NGINX acts as an efficient HTTP load balancer for distributing traffic to several application servers, enabling you to improve application performance, scalability, and reliability. You can set up NGINX as a single entry point for a web application that works across multiple distributed servers. When you set it up to listen to certain connections and redirect traffic, its ability to take in high volumes of requests and route them effectively enables it to act as a load balancer. Although the default load balancing configuration uses a round-robin algorithm, you can change the configurations to use either the least connections or IP hashing methods.

Reverse Proxy Server

Since a reverse proxy server intercepts, processes, and forwards requests to the right backend server, NGINX’s original design for high volumes of concurrent connections makes it an excellent candidate. Additionally, many reverse proxy servers perform load balancing which means that using NGINX can give you the two-for-one capability. Many IT teams deploy an NGINX as a reverse proxy in front of an Apache web server to improve security and performance.

NGINX Monitoring Best Practices

Although NGINX provides a Management Suite Instance Manager that enables you to view events and metrics about your instances, using only this tool limits your visibility. If you’re not correlating your NGINX server log data with the other technologies in your environment, you have blind spots that can lead to service interruptions or security incidents. Many metrics used to monitor your web server’s performance can help you detect a security incident when correlated with data from across your environment.


Requests per second

Requests per second divides the number of requests received during a time period, typically between one and five minutes. At a performance level, this metric tells you whether your server is handling requests in a timely manner or is overloaded. Simultaneously, if you want to identify security events like brute force attacks or distributed denial of service (DDoS) attacks, you want to correlate data with events like:

  • Failed login attempts
  • Firewall logs
  • Intrusion detection system (IDS)/Intrusion prevention system (IPS) logs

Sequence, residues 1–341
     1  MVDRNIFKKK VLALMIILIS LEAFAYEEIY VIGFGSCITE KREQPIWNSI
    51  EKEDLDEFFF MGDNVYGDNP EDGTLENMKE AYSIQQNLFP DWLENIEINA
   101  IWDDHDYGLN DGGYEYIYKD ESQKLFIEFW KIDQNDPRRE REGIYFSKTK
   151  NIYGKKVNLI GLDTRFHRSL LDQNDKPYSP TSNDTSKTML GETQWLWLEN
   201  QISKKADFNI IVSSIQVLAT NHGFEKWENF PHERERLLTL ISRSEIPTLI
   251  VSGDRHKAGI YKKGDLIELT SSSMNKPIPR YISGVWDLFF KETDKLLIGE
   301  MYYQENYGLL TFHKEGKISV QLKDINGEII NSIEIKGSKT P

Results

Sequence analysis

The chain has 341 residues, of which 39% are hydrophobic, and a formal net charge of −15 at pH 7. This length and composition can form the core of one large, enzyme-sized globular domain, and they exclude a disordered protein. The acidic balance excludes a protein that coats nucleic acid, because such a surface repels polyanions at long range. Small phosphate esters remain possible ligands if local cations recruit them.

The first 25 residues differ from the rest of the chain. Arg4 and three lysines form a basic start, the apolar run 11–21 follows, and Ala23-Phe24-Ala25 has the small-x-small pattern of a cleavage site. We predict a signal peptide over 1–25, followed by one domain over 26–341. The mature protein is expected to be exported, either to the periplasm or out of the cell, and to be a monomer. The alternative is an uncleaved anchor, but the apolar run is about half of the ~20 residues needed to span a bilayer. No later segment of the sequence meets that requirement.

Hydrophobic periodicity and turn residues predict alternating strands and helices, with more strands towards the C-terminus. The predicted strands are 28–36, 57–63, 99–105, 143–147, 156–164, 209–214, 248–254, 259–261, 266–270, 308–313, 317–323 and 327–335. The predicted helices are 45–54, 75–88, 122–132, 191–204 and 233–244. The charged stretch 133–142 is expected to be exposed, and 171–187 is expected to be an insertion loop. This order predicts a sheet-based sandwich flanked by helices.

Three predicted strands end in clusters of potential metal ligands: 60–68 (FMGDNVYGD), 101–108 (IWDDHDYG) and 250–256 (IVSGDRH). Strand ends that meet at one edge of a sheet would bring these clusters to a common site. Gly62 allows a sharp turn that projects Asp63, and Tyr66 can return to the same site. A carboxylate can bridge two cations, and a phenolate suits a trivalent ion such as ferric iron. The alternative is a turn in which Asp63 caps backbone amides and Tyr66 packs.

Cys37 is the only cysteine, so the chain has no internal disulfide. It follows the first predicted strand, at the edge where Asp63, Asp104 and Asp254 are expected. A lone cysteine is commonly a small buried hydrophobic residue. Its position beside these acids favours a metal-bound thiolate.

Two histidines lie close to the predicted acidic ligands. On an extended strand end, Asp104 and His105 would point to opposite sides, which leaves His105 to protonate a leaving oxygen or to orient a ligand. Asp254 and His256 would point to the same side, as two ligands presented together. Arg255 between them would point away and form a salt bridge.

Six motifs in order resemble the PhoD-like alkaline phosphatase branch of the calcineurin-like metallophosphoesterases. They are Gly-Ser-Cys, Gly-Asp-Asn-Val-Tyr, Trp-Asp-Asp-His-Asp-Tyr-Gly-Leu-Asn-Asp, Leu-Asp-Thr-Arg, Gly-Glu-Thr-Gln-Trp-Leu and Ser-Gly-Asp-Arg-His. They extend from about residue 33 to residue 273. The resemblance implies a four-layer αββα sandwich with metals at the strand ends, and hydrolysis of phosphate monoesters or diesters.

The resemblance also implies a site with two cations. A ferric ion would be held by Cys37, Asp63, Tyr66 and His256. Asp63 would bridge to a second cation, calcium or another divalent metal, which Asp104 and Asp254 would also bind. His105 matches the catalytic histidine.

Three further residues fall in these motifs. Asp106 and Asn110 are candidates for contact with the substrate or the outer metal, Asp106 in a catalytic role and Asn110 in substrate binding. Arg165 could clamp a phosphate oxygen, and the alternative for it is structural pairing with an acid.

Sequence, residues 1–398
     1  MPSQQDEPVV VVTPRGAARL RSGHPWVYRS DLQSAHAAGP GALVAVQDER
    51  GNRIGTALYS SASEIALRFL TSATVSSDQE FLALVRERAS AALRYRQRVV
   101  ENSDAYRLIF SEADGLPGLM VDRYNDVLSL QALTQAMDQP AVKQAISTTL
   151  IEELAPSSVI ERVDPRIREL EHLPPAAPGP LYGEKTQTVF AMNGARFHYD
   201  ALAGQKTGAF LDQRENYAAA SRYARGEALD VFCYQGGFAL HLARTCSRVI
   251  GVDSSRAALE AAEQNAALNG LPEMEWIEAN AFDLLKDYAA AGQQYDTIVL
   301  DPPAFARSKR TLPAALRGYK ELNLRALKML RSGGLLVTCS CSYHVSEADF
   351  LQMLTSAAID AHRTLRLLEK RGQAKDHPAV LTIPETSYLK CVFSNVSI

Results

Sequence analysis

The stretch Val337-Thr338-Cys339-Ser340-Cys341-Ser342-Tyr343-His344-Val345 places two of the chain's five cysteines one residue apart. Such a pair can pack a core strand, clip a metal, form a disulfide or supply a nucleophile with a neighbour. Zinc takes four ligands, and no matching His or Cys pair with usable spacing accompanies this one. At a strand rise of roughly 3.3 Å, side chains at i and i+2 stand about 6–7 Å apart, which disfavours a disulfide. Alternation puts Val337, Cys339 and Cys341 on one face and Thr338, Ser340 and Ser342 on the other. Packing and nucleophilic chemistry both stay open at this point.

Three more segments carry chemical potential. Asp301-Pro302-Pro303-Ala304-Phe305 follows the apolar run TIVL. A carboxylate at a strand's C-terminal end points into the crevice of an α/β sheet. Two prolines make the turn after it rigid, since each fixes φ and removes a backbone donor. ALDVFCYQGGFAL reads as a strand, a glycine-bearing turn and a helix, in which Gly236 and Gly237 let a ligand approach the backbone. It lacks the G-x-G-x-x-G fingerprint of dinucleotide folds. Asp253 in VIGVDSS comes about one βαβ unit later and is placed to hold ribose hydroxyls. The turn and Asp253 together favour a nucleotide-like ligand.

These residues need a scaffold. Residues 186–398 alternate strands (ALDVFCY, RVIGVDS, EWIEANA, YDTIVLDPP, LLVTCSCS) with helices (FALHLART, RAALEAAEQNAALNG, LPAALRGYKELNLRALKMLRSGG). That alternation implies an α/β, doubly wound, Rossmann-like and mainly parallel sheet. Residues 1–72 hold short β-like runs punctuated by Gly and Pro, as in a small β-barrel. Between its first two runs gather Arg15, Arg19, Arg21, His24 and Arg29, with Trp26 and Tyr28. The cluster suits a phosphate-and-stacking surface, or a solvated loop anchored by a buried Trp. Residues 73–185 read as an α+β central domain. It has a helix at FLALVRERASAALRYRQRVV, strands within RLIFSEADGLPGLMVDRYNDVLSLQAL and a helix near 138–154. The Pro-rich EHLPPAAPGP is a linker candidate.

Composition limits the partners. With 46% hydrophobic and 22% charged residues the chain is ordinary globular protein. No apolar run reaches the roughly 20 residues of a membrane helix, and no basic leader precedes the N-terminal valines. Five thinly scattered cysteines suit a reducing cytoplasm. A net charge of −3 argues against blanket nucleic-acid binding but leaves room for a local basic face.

NGINX Illuminate Technology Pack and Spotlight


If your server goes down, people can’t access the application, meaning employees can’t do work and customers have a poor experience. While 100% uptime is ideal, a baseline performance metric should be 99% or better. From a security perspective, a server taken offline could indicate:

  • Attackers gained unauthorized access to the server.
  • A DDoS overwhelmed the server, leaving it unable to process requests.

By correlating your uptime data with other network activity log data, you can route any issues to the right team more efficiently.



Error rates

The error rate metric tells you the percent of requests that failed or didn’t receive a response. At an operations level, error rates can indicate an application bug that needs to be fixed. From a security perspective, failed requests can indicate a DDoS as the overloaded server can no longer respond to all requests. Correlating error rates with requests’ geographic data can give you insight into whether the issue is from known risky locations or not.

NGINX Illuminate Technology Pack and Spotlight
NGINX Illuminate Technology Pack and Spotlight


Thread Count

Although NGINX can handle multiple requests within a thread, each thread is still a process running on the server. Typically, you want to configure a maximum number of threads per process so that the server puts requests on hold if it goes over that value. At a security level, malware often runs unknown and unexpected processes in the background, meaning that thread count could provide insight into a potential infection. By correlating data from resources like VirusTotal with your server monitoring data, you can identify potential malware running on your server.



Graylog: Centralized Log Management for Monitoring NGINX Server Performance and Security

With Graylog Security, built on the Graylog platform, you get centralized log management that gives you the “two for one” operations and security tool you need. Graylog Security delivers high-fidelity alerts with a lightning-fast search speed that reduces investigations by hours, days, and weeks. See our documentation for integrations with NGINX

Using Graylog, you have the functionality of a Security Information and Event Management (SIEM) tool without the complexity and cost that usually come with them. With our easy-to-use interface and cloud-native capabilities, you reduce the overall total cost of ownership. You save money by leveraging cloud storage capabilities while eliminating the need to hire or train security team members who can use a proprietary query language.